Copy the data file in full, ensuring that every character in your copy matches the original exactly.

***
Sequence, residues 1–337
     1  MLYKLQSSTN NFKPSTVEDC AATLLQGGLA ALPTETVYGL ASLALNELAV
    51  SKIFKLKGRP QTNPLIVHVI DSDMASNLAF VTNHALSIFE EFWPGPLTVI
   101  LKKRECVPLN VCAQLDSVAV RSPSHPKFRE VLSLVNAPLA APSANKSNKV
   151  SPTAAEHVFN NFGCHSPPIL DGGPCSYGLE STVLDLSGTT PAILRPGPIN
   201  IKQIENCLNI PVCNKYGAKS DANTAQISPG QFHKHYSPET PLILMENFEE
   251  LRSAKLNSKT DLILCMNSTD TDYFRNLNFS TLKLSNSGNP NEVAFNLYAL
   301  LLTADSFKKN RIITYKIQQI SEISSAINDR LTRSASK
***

Sequence, residues 1–337
     1  MLYKLQSSTN NFKPSTVEDC AATLLQGGLA ALPTETVYGL ASLALNELAV
    51  SKIFKLKGRP QTNPLIVHVI DSDMASNLAF VTNHALSIFE EFWPGPLTVI
   101  LKKRECVPLN VCAQLDSVAV RSPSHPKFRE VLSLVNAPLA APSANKSNKV
   151  SPTAAEHVFN NFGCHSPPIL DGGPCSYGLE STVLDLSGTT PAILRPGPIN
   201  IKQIENCLNI PVCNKYGAKS DANTAQISPG QFHKHYSPET PLILMENFEE
   251  LRSAKLNSKT DLILCMNSTD TDYFRNLNFS TLKLSNSGNP NEVAFNLYAL
   301  LLTADSFKKN RIITYKIQQI SEISSAINDR LTRSASK